An image of David Ashworth - Liverpool's last Irish manager.

Here are 10 facts you (probably) didn't know about Liverpool's last Irish boss

Find out all about the circumstances behind the rise and somewhat mysterious fall of David Ashworth.

WITH THE NEWS that Brendan Rodgers seems set to become the new Liverpool manager, we decided to take a look at the record of the last Irishman to become their manager.

So here are 10 facts detailing the rise and subsequent bizarre fall of David Ashworth:

  • David Ashworth was born on January 1 1868, in County Waterford.
  • Ashworth managed Liverpool for three years – between 1919 and 1922.
  • His reign was widely regarded as a success, having lead the club to their third First Division title.
  • In December 1919, he left Stockport and took over from Liverpool caretaker boss George Patterson.
  • When he took over midway through the season, Liverpool had won just two of their opening 11 games, but Ashworth proved a steadying influence, guiding the club to a fourth place finish.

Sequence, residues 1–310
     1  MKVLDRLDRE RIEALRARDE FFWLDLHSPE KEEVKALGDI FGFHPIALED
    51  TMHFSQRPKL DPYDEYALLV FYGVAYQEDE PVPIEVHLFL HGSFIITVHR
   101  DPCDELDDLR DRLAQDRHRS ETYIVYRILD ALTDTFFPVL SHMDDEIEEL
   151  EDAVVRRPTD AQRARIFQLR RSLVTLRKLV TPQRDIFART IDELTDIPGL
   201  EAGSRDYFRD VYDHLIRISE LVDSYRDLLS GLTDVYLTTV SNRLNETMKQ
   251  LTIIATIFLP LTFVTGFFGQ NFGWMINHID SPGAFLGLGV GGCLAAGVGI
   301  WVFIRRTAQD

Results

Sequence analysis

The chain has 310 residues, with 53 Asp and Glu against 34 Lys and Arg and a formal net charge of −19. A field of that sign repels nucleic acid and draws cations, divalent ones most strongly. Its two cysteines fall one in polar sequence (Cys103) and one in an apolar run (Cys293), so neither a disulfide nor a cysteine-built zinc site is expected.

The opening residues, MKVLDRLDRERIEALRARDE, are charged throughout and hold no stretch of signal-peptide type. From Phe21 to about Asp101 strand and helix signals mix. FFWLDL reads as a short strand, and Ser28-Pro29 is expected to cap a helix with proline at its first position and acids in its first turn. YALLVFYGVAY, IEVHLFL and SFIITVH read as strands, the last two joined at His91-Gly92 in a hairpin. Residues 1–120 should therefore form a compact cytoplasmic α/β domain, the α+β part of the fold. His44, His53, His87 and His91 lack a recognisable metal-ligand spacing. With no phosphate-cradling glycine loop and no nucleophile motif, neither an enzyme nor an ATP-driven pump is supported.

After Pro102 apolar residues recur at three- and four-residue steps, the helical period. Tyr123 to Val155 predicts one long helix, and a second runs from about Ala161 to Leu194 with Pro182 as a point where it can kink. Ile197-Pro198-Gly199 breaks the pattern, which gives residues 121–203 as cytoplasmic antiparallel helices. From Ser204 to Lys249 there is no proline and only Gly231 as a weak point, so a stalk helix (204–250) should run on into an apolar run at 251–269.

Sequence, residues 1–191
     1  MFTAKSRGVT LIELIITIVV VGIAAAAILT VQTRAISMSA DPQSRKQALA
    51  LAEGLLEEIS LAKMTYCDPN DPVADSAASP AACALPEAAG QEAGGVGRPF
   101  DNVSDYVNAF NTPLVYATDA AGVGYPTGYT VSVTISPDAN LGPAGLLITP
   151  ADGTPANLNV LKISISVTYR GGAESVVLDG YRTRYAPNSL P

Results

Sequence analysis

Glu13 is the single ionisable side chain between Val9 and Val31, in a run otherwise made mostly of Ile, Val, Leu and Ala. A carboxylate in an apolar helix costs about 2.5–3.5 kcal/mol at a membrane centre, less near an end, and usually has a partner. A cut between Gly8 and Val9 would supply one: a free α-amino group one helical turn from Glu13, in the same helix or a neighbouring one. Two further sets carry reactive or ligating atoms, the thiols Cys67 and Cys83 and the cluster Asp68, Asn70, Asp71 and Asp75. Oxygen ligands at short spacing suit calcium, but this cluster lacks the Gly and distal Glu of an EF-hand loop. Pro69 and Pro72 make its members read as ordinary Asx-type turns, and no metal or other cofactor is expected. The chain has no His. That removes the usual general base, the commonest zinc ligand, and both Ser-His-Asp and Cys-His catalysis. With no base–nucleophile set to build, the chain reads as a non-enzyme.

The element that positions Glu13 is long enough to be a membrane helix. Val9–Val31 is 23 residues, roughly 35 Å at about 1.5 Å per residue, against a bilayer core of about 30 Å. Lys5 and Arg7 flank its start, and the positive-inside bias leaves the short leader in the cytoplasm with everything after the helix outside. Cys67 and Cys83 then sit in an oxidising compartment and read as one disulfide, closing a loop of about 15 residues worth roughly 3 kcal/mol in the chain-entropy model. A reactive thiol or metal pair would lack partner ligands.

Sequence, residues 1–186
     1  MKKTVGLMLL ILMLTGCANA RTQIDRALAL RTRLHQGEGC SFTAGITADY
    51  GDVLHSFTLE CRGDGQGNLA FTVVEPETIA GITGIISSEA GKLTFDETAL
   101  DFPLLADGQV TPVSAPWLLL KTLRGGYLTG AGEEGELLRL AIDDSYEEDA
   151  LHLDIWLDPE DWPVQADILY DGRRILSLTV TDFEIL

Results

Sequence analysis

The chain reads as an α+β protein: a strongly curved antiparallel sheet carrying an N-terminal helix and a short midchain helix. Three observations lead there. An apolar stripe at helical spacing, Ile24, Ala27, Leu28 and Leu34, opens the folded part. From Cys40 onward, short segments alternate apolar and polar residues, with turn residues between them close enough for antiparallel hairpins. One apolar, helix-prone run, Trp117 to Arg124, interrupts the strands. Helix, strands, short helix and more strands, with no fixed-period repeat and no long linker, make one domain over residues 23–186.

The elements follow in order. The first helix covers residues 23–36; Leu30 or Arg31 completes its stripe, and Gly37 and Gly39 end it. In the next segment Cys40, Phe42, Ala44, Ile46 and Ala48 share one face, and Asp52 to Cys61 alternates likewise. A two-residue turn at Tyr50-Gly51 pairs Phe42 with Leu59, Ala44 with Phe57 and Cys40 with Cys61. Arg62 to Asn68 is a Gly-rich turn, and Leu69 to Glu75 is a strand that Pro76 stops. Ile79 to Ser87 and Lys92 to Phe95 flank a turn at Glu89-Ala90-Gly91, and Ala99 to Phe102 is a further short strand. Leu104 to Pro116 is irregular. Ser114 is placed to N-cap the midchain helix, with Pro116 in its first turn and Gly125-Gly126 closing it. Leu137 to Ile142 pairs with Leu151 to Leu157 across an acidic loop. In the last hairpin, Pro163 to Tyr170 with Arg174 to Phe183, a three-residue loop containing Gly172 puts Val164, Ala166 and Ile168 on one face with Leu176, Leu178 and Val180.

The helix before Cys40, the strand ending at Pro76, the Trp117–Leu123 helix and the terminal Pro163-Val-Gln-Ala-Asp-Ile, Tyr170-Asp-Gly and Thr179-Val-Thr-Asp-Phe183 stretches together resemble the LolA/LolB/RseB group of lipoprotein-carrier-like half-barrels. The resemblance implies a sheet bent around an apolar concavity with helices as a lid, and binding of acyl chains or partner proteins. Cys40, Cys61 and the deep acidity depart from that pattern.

• Following another fourth place finish the following season, Ashworth helped Liverpool win the title in his third season in charge, as they came a relatively comfortable six points ahead of Tottenham.
  • Despite his success at Liverpool, Ashworth somewhat mysteriously decided to leave the club halfway through the 1922/23 season when they were top of the table in favour of a second spell at relegation strugglers Oldham. It remains unclear why Ashworth chose to make this bizarre move.
  • Oldham were subsequently relegated at the end of the season despite Ashworth’s best efforts, while Liverpool won the title for a second successive time.
  • Ashworth managed Liverpool for 139 games in total, winning 70, drawing 40 and losing 29.
  • He also managed Man City and Walsall with considerably less successful results during his career, in addition to being an Irish football referee.

Read: In numbers: How does this Irish squad compare to past tournament panels?>

Read: Talking (non)sense: The top 50 most likely clichés to be used by commentators at the Euros>